KS2 Music: The Anglo-Saxons. 6: 1066 - The year of three kings
Tutorial: 'End end of the Anglo-Saxon dynasty'
The activities during the tutorial include:
- Listening to and clapping along to the steady beat. Identifying how the tempo of the song is slow.
- Looking at the contrasting jumpy, fast rhythms (eg ‘Let us now return...’) and more steady word rhythms (eg ‘And find out what becomes...’) of the first verse. Clapping the different rhythms.
- Recognising and practising the rising pitch sequence - ‘The times are always changing...’ - in the chorus.
- Identifying the places in each verse when the music rises in pitch and practising singing these sections (in lines three and seven).
Song: 'The end of the Anglo-Saxon dynasty'
Key elements of the song are:
- Tempo: the song is slow, reflecting the solemn content of the lyrics.
- Rhythm: contrasting 'jumpy', fast rhythms and more steady rhythms.
- Pitch: the rising note patterns in the verses and chorus.
Click here for the lyric sheet (pdf).
You can also choose to sing with the Children's choir version of the song - good for encouraging your group to join in.
Once you have learnt the song you can polish your performance by singing with just the Backing track version.
Drama: 1066 - Year of the three kings
When Edward the Confessor died in January 1066 there were three claimants to the throne of England: Harold, Earl of Wessex; Hardrada, King of Norway and William, Duke of Normandy. It is believed Edward had agreed that William should succeed him as king; it is also believed that he may have changed that decision in favour of Harold. Whatever the facts, Harold succession was confirmed by the witan on the day of Edward's burial.
Harold knew that he would face opposition. First he was attacked by Hardrada in the north, where Harold won a decisive victory at the Battle of Stamford Bridge. Almost immediately he learned that William had invaded on the south coast and began the long march southwards.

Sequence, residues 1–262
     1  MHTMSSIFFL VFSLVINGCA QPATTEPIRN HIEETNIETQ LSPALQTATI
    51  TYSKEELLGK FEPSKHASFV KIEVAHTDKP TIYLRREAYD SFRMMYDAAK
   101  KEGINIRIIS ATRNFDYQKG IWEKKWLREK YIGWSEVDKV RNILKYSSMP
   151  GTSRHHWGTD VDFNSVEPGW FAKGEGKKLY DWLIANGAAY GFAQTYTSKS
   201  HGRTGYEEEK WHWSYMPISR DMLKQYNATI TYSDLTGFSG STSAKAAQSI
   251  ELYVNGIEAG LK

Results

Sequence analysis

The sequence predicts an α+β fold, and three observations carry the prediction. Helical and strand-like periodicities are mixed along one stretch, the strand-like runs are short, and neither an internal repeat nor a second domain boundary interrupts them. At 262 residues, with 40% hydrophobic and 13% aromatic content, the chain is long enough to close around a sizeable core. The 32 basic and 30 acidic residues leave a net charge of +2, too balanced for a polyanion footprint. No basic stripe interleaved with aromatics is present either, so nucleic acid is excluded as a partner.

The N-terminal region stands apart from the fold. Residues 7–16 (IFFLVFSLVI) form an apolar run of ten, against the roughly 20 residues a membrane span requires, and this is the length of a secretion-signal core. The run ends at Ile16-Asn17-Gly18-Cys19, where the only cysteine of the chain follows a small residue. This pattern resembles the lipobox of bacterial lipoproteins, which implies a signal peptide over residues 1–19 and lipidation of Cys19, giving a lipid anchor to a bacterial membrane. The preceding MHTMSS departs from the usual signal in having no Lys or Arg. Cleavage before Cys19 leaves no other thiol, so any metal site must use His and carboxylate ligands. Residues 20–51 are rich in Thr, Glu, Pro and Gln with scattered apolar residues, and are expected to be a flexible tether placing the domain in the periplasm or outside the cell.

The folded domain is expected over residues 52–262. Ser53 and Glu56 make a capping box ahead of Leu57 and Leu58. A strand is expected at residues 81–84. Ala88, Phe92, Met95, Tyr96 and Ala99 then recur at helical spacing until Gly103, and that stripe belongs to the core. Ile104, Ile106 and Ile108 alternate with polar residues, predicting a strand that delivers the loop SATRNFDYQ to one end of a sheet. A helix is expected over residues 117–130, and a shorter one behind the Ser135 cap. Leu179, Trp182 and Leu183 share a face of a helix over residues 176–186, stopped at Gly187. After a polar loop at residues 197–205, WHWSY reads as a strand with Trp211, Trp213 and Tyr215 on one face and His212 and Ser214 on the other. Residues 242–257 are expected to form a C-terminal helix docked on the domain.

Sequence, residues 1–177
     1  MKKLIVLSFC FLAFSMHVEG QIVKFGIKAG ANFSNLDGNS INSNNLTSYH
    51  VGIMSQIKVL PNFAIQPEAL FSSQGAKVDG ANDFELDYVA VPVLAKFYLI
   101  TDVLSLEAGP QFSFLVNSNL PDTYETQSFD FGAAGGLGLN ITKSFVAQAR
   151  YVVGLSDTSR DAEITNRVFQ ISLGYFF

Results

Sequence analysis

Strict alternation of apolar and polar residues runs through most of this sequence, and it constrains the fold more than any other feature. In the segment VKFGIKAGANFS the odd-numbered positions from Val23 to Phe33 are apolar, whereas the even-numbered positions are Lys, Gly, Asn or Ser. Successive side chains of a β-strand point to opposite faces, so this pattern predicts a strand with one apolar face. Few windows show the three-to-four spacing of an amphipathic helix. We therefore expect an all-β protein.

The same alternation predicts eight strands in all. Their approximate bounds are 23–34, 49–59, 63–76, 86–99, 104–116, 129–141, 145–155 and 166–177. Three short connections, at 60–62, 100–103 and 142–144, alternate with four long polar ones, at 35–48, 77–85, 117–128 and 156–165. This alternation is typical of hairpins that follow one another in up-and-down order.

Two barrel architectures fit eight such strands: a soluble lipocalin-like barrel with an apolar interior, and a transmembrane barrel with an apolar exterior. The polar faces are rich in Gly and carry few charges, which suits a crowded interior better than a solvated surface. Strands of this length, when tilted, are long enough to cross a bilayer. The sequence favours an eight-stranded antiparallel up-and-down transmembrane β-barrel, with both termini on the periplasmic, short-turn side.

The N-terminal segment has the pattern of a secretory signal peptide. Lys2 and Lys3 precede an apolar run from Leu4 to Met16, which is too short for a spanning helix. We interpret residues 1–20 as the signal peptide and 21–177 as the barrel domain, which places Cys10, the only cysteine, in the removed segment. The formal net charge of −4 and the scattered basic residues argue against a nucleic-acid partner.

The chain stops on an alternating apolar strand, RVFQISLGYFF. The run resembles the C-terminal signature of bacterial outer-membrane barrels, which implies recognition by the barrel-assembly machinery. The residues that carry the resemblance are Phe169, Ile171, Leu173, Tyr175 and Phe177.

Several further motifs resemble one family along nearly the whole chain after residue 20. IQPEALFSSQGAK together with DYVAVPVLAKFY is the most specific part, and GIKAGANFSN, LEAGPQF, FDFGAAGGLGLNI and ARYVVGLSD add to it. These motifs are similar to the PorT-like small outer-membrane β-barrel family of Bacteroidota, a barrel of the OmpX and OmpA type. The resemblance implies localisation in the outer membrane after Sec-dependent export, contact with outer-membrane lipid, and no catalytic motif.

The two armies met at the Battle of Hastings. The Anglo-Saxon dynasty came to an end and the time of William I - 'William the Conqueror' - and the Normans began.
Click here for the episode transcript (pdf).
Focus: Pulse - or strong beat - that runs through a piece of music / Clapping a rhythmic pattern
- Consider how different lyrics - or word patterns - create different rhythmic patterns in the music.
- Nigel claps different word patterns, using words and phrases from the song.
- Next pupils just read the words on the screen and hear their rhythms (without the presenter saying them).
- They then clap them back.
- Encourage pupils to listen carefully and to clap together and in time.
Full details of the music activity in the Teacher's Notes.
A medieval, portable organ played by Catalina Vicens
YouTube link. Watch first 2 minutes.
- The organ existed in Anglo-Saxon times, played in large churches and cathedrals.
- An organ at this time could have been small enough to carry, or it could have been enormous, such as the organ in Winchester Cathedral, where it is believed that sixteen men or boys were needed to pump on the bellows to keep enough air flowing to the organ pipes.
- This music is played on a very small organ - so small that you can balance it on your knee.
- The keys of the organ are played by the fingers of the right hand, while the left hand pumps the bellows at the back of the organ to make a sound.
- Is this music happy or sad? What do you think of when you listen to this music? What sort of Anglo-Saxon occasions do you imagine this type of organ might have been used for?